The visioning process was started when a Steering Committee was appointed. Other committee's included an Outreach Committee and task forces.. A Vision 2000 office and a hot-line calling system was established in a downtown location. Outreach to the community included presentations, consultations, public service announcements, advertising through the Casper Star Tribune, and a large billboard. A community survey was prepared and delivered to 34,201 residents throughout the City and surrounding areas. Collection boxes were distributed to more than 40 locations. Five task forces were established to establish community-wide goals. The City adopted the Vision Statement on October 25, 1993, and task forces met to address the goals established in the Vision Statement. The Vision Statement was the basis for the preparation of the Consolidated Plan.
In addition to the visioning process, the Housing and Community Development Commission held two public hearings to provide interested citizens and organizations an opportunity to comment on the City's housing and community development needs. A 30-day comment period was provided. Notices of the hearing and request for comments were published in the Casper Star Tribune and the Casper Journal, both in the legal section and through large block ads. The City also consulted with the public housing agency, non-profit organizations, and other City Departments in establishing needs and goals. The Human Services Commission and members of the Casper Coalition of Affordable Housing were instrumental in establishing housing needs and goals for the plan. A summary of the draft plan was published in the May 16, 1995, Casper Star Tribune. Block ads were placed in the two local newspapers and copies of the plan were made available at four different locations. Citizens and organizations were given a 30-day period to comment on the plan.
Following public comment, the City Council reviewed the Plan and formed a Committee to review the over-all plan and its long-term objectives. This Committee recommended that a section on Community Values be added to the plan. These values are intended to reflect community expectations in the implementation of the goals, objectives, and programs included within the plan.
The City has adopted the following community development goals:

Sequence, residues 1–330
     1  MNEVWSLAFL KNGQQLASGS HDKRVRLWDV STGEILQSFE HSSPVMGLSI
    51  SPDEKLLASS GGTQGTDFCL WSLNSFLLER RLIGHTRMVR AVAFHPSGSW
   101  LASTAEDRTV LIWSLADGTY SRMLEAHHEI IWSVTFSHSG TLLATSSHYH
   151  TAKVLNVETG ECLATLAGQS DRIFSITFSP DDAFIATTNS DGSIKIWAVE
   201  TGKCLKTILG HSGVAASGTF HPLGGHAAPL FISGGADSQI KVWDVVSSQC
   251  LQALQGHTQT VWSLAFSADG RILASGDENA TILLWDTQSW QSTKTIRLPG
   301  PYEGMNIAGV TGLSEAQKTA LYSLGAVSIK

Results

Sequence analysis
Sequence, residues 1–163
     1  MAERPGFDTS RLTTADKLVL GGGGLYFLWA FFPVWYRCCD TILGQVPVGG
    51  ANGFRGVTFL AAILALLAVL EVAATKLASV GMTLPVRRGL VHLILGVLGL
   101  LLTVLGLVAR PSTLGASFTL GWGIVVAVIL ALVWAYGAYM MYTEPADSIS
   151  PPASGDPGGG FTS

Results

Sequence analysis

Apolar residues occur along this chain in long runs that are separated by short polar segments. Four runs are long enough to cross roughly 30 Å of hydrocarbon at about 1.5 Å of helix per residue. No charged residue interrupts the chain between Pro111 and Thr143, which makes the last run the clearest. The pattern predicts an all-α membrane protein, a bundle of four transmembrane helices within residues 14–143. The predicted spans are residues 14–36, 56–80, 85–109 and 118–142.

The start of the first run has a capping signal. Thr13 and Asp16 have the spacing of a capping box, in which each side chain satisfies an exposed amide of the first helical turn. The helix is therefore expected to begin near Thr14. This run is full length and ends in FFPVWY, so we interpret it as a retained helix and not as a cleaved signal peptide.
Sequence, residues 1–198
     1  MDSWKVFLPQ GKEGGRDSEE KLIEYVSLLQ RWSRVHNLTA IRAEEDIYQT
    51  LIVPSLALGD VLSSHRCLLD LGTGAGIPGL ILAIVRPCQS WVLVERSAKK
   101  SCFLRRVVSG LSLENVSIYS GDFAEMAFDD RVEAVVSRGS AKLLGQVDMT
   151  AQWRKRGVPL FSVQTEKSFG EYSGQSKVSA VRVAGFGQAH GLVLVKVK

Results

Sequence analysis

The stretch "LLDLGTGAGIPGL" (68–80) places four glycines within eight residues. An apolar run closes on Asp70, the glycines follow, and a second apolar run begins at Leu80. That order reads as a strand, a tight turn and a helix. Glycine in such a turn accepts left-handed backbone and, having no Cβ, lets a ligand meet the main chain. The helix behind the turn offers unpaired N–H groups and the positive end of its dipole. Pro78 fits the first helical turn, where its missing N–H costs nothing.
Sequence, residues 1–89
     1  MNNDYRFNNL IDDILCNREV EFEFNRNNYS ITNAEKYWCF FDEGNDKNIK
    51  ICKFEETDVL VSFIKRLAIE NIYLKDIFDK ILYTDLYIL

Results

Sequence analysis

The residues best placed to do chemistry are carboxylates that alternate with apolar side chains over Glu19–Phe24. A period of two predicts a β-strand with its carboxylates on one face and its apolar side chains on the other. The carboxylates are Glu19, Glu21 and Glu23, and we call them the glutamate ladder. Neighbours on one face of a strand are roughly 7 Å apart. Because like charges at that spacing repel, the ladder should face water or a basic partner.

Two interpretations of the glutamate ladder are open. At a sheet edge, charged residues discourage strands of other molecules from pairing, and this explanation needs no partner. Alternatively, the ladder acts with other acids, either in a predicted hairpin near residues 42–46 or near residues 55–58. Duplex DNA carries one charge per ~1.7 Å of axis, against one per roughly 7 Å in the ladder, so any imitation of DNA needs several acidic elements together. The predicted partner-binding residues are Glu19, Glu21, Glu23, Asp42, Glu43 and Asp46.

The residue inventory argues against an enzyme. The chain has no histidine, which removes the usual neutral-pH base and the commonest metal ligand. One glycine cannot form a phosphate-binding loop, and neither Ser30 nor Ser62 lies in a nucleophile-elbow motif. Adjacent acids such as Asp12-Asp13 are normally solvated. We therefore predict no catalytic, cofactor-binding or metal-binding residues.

In order to assist the Casper community in realizing the goals adopted within this plan, the Following "Community Values" are offered as statements of intent describing the elements important in the delivery of services which are intended to provide assistance in meeting the program needs as specified within the Consolidated Plan.
Program services will be evaluated for their consistency with these "Community Values." The community therefore values:
AND HOUSING NEEDS
The plan has categorized housing need into income categories consisting of extremely low- income. very low-income, low-income, and moderate-income.
Extremely low-income, households earning 0 to 30% of median family income, represent households with the greatest need. An estimated 1,452 renters, and 625 owners in this category are experiencing housing problems and/or cost burdens.
Very low-income, households earning 31 to 50% median family income, are experiencing problems in obtaining or maintaining affordable housing. An estimated 994 renters and 1,052 owners are experiencing problems with locating affordable housing that is in standard condition.
Low-income, households earning 51 to 80% median family income, total 2,93 3. An estimated 1, 126 renters and 1,807 owners are experiencing housing problems and/or cost burden.
Moderate-income, households earning 81 to 95% median family income, total 1,701 households, consisting of 509 renters and 1, 1 92 owners. These households are experiencing housing problems and cost burden, but to a lesser degree than other income levels.